3 Healthcare IT Careers for Non-Medical Professionals 

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For individuals looking for a new career, the medical field is a paradise. The industry is slated for continual growth through 2022.

Patient care and the necessary support roles run the gamut from frontline care providers in neighborhood clinics to public health officials working on policy.

Billing, accounting, and health administrators make up the in between. It’s guaranteed that there’s something for everyone. If there isn’t, check back tomorrow — someone probably found a new role to be filled.

If you already have a degree or an established resume, the prospects are no more limited. As healthcare moves away from the paper records of the past, the industry is melding with emerging technology to change the face of patient care. Telemedicine and electronic health records are redefining the accessibility of information alongside the way medical facilities store it.

Previous experience in the technology or clerical field translate easily to the healthcare sector, even if your previous work had nothing to do with administering medicine.

Data analysts, tech support gurus, and engineers can all find a corner of the medical world to work in as technology becomes inextricably linked with patient care.

Opportunities are many and varied, spread across the country and in organizations of various sizes. All that is necessary is a desire to work in healthcare and a willingness to look for the perfect opportunity for your skills to be utilized.

If you need help kicking off your search, read on to get the rundown on three non-practitioner possibilities for the aspiring employee.

1. Billing and Coding

Medical billing and coding is not an emerging field within healthcare, nor will it disappear anytime soon. As long as people are receiving treatment, someone will need to classify it, and someone (or several someones) will need to pay for it. As a coder, this is where you come in.

When a patient comes into a medical facility and receives treatment, even if that treatment is simply talking to the doctor for 15 minutes, it gets recorded.

In the United States, encounters with medical providers are classified according to the International Classification of Diseases, Tenth Edition, or ICD-10.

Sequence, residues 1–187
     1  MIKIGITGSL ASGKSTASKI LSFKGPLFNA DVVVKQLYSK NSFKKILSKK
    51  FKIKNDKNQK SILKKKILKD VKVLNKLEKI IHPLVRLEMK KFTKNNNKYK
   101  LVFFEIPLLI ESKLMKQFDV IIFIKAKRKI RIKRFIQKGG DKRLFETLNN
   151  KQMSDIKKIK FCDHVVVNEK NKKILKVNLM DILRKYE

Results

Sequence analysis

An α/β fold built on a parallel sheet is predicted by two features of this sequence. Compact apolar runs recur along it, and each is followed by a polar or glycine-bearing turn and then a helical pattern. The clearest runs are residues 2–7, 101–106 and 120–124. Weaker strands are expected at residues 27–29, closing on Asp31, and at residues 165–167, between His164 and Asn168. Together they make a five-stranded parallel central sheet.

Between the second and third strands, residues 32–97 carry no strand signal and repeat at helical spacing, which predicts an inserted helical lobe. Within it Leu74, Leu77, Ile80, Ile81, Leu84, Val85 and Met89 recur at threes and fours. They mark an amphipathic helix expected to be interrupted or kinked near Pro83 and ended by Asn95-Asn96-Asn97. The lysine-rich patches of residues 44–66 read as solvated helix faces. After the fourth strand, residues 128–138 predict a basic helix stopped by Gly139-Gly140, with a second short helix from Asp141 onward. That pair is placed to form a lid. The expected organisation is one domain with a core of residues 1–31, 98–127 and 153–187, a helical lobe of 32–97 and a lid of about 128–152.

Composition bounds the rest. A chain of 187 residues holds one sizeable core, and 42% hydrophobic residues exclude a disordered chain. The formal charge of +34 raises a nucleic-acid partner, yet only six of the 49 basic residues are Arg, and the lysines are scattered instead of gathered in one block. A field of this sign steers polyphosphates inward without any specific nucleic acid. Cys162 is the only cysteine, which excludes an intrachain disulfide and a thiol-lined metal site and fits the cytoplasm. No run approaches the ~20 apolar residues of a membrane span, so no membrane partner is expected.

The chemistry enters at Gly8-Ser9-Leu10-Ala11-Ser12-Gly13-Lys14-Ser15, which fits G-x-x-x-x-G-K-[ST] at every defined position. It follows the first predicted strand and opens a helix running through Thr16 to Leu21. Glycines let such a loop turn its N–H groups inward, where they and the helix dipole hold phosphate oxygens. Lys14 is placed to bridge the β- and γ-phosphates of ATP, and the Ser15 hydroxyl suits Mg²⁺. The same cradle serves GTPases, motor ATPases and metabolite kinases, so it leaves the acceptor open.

This system uses a series of letters and numbers to denote what happened or what the diagnosis was. These codes are used to justify treatment choices that practitioners make, which in turn translate to procedure codes with associated balances due.

As a biller or coder in a small clinic, you may perform the entire identification and billing process yourself, from reading the doctor’s notes all the way through receiving payment.

In larger facilities, various aspects of the process may be divided among different departments. These may include coding the encounter, preparing the claim information for various insurance carriers, receiving insurance payments, or appealing incorrectly denied charges.

Each aspect of the process is a little different and will require unique knowledge. However, general understanding of accounts receivable practices and the structure of the insurance industry do help. In order to become a biller or coder specifically, no degree is required, though there is a certification associated with the practice.

After working as a coder for two years, you are eligible to become a Certified Professional Coder. The process requires studying for and passing an exam designed to test your knowledge of the current ICD in effect. The American Academy of Professional Coders administers the exam.

To maintain the certification, continuing education credits will be required every few years, and you must maintain knowledge of the coding edition in effect.  

2. Health Informatics

As more billing and coding moves online and the national adoption of electronic health records becomes standards, technical support and understanding is a necessary part of a successful health facility. Care centers are also discovering new ways to use the technology they have at their fingertips.